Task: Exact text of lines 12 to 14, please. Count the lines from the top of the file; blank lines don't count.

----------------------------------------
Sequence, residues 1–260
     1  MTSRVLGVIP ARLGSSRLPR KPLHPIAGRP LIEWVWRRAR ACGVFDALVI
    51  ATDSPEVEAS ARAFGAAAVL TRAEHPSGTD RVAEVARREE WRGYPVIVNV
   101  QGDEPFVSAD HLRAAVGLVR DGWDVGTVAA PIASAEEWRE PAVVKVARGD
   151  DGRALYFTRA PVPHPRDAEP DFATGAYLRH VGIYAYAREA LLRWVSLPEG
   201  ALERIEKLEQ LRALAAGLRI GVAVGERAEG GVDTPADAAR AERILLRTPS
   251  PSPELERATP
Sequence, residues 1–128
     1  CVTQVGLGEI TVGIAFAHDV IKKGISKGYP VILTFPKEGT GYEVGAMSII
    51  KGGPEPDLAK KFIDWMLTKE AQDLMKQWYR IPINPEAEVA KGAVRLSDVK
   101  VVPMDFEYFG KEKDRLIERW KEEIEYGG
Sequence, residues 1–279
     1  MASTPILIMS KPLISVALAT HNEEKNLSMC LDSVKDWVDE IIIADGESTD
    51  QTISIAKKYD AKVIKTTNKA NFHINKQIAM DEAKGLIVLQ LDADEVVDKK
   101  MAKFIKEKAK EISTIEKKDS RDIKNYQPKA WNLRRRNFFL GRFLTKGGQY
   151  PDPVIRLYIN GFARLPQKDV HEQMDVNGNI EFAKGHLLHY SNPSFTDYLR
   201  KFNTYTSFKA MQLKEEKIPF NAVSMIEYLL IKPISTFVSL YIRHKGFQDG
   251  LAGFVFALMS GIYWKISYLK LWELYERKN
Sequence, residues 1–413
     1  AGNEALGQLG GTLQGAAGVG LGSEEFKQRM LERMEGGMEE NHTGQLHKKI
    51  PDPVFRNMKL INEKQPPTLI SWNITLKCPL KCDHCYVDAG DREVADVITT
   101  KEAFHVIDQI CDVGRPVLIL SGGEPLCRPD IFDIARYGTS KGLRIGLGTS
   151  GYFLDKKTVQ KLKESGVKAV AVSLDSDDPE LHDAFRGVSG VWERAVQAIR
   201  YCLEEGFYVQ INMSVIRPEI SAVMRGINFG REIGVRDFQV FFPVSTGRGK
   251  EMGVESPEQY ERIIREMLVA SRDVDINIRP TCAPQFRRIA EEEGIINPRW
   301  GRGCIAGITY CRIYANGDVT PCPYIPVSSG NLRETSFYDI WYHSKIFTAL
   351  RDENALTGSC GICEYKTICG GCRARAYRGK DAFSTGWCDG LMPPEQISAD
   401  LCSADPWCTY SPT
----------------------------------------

Sequence, residues 1–279
     1  MASTPILIMS KPLISVALAT HNEEKNLSMC LDSVKDWVDE IIIADGESTD
    51  QTISIAKKYD AKVIKTTNKA NFHINKQIAM DEAKGLIVLQ LDADEVVDKK